When driving in Portugal, you'll need to obey the rules of the road, and that includes following traffic signs and parking regulations. Here are some tips to keep your motoring experience as stress-free as possible during your Portugal travel.
When venturing beyond our home turf, we're sometimes struck by how much we take traffic signs for granted. At home, we rely on them so often that we almost forget they exist. Abroad, however, we may find ourselves looking to signs for instruction, only to find that they're both unfamiliar and confusing.
Thankfully, the road signs in Portugal are quite intuitive.
Warning signs are equilateral red triangles with illustrative pictograms in their white centers. In Portugal, warning signs are often used to indicate narrowing roads, curves, extreme grades, animal crossings, and other potential traffic hazards.
There are a few warning signs that are not as easy to understand as the others. For example, the "low visibility" sign looks a bit a like a car surrounded by a swarm of insects. The sign for "obstruction" is a toppled sedan. If you see an exclamation point, the sign is meant to convey that the nature of the danger is unspecified. In these cases, be sure to keep an eye out for anything that looks like it could pose a threat to your continued safety, and then adjust your driving accordingly.
Yield signs feature the same red triangle, inverted. Stop signs in Portugal are the same red octagon that most of us are accustomed to.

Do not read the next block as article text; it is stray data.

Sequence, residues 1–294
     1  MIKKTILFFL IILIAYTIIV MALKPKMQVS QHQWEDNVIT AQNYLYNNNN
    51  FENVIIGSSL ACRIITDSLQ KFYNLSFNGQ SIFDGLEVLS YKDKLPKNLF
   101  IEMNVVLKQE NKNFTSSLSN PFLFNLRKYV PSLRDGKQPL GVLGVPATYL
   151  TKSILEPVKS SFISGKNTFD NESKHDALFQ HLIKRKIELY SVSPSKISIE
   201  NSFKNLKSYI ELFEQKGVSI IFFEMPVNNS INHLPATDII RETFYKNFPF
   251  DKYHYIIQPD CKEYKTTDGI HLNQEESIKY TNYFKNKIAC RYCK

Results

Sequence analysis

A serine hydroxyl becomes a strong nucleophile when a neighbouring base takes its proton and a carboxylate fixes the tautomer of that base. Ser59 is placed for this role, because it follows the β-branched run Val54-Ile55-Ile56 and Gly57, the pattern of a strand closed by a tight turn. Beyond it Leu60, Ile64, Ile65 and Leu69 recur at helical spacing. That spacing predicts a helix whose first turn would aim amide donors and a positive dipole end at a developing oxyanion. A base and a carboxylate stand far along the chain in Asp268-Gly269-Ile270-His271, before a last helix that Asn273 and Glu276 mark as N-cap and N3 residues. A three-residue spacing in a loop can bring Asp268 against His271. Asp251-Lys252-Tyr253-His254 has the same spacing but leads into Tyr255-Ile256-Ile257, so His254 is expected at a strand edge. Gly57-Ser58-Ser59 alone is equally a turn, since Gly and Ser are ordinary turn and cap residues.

Prohibitory signs feature red circles enclosing whatever is prohibited. Again, the meanings of most of them are easy to understand.
Round signs featuring black circles and five diagonal crosshatches may appear to prohibit specific actions, but in actuality, their purpose is to notify drivers that previous prohibitions have ended. You'll see them marking the end of no-passing zones, and speed limit zones.
Mandatory signs are round and blue, with white borders. These signs indicate actions that must be performed, such as keeping left, turning right, or turning on dimmed headlamps.
Informational signs are generally blue in color and rectangular in shape, though some may be white, green, or square.
While we're still on the subject of signs, if you see a round white or blue sign with a red circle and diagonal cross, then don't park. That's the Portuguese "no parking" sign. Yellow and red lines on curbs also mean "no parking."
You should always park facing the same direction as traffic on one-way streets. Do not park within 5 meters of a road junction, 25 meters before, and 5 meters after a bus stop, or anywhere within 6 meters of a tram stop.
And while you may see the locals parking in the middle of the street with their emergency flashers engaged, don't try it yourself. It's illegal in Portugal, and could result in a hefty fine.